Consol acquires drilling rights from Dominion
Consol Energy Inc. will pay $190 million to Dominion Resources Inc. for drilling rights on land in West Virginia, the companies announced on Tuesday.
Dominion will let Consol drill on 90,000 acres it controls for storage fields in Lewis and Harrison counties. Consol said the deal could produce about 350 drilling spots, and about half of the land probably will have wet gas, meaning it contains other hydrocarbons such as ethane and propane that often fetch a higher price than natural gas.
Consol has acquired large tracts of drilling rights in the past year — including at Pittsburgh International Airport and Ryerson Station State Park — as it ramps up drilling operations. It sold five West Virginia coal mines last week to help it raise money to support a shift from coal mining to gas drilling.
“This transaction reinforces Consol Energy's commitment to being a leading natural-gas producer in the Appalachian Basin,” Chairman and CEO J. Brett Harvey said in a statement announcing the deal. “These parcels represent what could be the largest untapped contiguous acreage in the southern core of the Marcellus shale.”
Dominion, which sold Consol 500,000 acres for $3.5 billion in March 2010, got a commitment from Consol to be the anchor shipper on Dominion's transmission pipeline system as part of the deal. Dominion announced that it has commitments to ship 500,000 dekatherms per day of natural gas westward from West Virginia, half of which will come from the agreement with Consol.
In the next year, there is likely to be an increasing amount of gas shipped from the Marcellus shale westward, Robert W. Baird & Co. Inc. advised investors in notes about the deal.
Timothy Puko is a Trib Total Media staff writer. Reach him at 412-320-7991 or firstname.lastname@example.org.
Show commenting policy
TribLive commenting policy
You are solely responsible for your comments and by using TribLive.com you agree to our Terms of Service.
We moderate comments. Our goal is to provide substantive commentary for a general readership. By screening submissions, we provide a space where readers can share intelligent and informed commentary that enhances the quality of our news and information.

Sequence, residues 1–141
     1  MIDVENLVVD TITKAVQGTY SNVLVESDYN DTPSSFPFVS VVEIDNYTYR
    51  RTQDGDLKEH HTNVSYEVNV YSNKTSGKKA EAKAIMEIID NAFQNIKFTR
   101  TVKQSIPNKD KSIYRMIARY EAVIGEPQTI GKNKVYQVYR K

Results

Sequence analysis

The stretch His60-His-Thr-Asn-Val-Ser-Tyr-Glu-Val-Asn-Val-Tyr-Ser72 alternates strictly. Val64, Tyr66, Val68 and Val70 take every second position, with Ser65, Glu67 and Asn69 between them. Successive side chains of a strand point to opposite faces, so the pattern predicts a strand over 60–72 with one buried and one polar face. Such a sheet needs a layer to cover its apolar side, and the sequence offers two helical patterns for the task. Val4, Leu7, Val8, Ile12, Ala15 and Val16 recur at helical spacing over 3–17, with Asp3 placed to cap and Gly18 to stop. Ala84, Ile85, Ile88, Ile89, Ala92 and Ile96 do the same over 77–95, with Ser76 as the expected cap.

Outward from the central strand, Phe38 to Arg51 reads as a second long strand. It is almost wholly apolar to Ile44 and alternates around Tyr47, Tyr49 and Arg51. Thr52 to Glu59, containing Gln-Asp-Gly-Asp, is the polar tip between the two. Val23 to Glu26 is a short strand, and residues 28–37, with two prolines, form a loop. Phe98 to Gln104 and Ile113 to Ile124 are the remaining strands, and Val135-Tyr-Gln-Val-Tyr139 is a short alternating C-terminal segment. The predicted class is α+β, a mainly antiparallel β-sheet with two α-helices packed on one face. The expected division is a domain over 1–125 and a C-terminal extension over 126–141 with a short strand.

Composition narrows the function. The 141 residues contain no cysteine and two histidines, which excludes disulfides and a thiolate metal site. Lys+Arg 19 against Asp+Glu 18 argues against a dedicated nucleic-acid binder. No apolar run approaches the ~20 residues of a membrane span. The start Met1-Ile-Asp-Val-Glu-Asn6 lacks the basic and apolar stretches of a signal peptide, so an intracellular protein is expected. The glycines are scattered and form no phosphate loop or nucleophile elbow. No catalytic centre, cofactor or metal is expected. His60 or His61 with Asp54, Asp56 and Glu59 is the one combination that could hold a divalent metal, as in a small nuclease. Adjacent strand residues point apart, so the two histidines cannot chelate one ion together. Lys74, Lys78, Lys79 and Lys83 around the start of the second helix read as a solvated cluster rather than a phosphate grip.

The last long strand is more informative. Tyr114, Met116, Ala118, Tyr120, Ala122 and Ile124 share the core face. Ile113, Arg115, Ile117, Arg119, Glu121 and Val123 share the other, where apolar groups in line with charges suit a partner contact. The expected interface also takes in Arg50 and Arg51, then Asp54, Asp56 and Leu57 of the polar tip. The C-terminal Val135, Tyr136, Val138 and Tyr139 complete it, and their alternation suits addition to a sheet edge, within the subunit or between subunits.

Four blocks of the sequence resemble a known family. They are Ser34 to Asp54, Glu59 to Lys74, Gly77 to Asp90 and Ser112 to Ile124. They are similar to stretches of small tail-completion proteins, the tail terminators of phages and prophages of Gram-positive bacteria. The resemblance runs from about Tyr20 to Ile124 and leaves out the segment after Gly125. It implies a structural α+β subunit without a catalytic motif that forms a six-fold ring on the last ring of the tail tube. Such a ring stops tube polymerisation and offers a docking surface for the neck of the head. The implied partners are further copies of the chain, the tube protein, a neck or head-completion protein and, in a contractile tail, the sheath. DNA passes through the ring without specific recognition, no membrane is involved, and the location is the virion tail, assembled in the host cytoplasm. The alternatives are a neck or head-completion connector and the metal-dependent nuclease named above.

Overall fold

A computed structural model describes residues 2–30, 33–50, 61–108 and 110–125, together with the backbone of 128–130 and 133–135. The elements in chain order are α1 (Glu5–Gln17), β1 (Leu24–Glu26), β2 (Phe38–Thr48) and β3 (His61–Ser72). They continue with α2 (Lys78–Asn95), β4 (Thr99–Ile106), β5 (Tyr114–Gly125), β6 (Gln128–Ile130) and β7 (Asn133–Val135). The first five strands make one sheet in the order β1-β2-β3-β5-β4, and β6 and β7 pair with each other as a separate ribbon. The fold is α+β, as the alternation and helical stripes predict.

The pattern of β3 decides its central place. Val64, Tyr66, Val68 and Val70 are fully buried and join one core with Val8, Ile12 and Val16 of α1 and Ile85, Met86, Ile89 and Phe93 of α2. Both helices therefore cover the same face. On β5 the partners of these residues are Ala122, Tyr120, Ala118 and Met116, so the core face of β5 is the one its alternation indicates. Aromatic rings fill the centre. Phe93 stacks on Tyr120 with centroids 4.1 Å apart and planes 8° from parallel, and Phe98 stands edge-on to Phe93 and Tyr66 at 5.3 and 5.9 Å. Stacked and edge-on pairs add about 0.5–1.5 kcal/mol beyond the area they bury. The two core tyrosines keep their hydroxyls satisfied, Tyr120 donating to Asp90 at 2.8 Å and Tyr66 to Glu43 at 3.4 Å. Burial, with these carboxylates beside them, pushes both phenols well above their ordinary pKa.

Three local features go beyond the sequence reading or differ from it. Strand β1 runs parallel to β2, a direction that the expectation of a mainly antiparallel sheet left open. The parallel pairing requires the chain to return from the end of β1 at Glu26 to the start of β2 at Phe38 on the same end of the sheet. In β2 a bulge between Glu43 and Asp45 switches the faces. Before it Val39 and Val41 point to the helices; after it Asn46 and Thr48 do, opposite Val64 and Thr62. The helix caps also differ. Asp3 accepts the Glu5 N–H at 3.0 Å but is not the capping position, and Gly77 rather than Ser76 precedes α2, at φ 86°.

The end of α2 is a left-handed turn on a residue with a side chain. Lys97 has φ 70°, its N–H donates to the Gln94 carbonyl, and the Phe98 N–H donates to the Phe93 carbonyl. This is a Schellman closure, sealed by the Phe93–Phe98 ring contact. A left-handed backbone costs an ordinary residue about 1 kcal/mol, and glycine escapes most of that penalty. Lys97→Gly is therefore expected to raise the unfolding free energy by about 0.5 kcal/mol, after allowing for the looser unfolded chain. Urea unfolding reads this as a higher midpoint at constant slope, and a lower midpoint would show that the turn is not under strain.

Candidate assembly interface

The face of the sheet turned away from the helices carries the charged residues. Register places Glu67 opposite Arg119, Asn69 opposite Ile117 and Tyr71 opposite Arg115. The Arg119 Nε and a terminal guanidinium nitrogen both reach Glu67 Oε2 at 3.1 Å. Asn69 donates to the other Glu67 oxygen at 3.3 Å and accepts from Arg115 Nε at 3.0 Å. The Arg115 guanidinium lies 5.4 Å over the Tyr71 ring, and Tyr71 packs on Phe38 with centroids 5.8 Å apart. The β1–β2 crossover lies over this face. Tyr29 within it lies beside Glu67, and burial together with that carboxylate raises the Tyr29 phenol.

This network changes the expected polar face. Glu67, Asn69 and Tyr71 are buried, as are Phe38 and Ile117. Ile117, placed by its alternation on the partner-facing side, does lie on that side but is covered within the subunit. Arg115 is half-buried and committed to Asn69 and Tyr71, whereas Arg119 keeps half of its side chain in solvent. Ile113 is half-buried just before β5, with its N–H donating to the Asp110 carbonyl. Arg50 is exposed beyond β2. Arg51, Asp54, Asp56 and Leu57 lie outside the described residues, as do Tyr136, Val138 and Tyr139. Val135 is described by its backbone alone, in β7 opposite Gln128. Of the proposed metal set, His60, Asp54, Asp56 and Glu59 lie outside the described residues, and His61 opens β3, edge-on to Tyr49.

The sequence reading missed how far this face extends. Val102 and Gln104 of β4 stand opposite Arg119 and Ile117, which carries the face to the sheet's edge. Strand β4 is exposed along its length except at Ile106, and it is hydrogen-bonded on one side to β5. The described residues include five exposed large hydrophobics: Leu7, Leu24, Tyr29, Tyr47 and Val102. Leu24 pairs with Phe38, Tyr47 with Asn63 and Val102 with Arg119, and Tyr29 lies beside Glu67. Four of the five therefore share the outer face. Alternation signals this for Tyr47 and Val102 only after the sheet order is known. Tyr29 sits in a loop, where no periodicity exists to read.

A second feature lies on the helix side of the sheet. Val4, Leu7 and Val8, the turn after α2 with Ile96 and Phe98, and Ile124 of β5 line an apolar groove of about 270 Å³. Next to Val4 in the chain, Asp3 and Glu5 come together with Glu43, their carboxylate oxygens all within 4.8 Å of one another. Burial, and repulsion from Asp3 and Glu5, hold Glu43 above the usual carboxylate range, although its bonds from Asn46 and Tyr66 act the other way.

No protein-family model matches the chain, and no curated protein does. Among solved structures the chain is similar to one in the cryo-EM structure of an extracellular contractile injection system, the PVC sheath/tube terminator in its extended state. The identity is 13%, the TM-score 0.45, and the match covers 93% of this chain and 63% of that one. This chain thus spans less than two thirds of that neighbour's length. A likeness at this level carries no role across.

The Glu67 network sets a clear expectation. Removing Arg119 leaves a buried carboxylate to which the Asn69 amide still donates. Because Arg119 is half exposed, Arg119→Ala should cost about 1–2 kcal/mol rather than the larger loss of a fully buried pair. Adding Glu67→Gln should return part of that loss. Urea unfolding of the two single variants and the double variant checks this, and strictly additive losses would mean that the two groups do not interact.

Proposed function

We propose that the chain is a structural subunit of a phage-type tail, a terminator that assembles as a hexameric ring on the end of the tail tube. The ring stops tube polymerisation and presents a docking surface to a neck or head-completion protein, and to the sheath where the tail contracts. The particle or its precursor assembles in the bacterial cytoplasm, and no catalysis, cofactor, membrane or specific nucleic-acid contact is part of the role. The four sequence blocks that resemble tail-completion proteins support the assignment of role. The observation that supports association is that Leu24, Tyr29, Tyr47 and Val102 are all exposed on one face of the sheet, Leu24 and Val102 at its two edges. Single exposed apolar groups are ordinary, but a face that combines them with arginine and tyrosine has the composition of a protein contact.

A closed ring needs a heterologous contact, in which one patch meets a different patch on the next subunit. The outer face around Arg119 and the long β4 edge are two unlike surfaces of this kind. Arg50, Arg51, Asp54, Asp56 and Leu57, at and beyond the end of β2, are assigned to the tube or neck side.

While most comments will be posted if they are on-topic and not abusive, moderating decisions are subjective. We will make them as carefully and consistently as we can. Because of the volume of reader comments, we cannot review individual moderation decisions with readers.
We value thoughtful comments representing a range of views that make their point quickly and politely. We make an effort to protect discussions from repeated comments either by the same reader or different readers.
We follow the same standards for taste as the daily newspaper. A few things we won't tolerate: personal attacks, obscenity, vulgarity, profanity (including expletives and letters followed by dashes), commercial promotion, impersonations, incoherence, proselytizing and SHOUTING. Don't include URLs to Web sites.
We do not edit comments. They are either approved or deleted. We reserve the right to edit a comment that is quoted or excerpted in an article. In this case, we may fix spelling and punctuation.
We welcome strong opinions and criticism of our work, but we don't want comments to become bogged down with discussions of our policies and we will moderate accordingly.
We appreciate it when readers and people quoted in articles or blog posts point out errors of fact or emphasis and will investigate all assertions. But these suggestions should be sent via e-mail. To avoid distracting other readers, we won't publish comments that suggest a correction. Instead, corrections will be made in a blog post or in an article.
- CMU showcases its lengthy list of fledgling companies at venture event
- Miata leaves cutesy behind for sleek
- Uncle Charley’s Sausage expands sales to Maryland, Virginia
- Stocks wrap best week of year with slight gains
- Credit bureau Experian keeps info on cellular firm’s customers
- ZeroFossil Energy Outfitters powers up with renewable sources
- Last-minute China worries derailed Fed’s rate hike plans, minutes reveal
- Rice, Gulfport team on Utica shale pipeline system
- Sluggish wage growth may sap retail spending during winter holidays
- Other segments nudge Alcoa to slim profit
- Bear sharpens claws on ‘old Pittsburgh’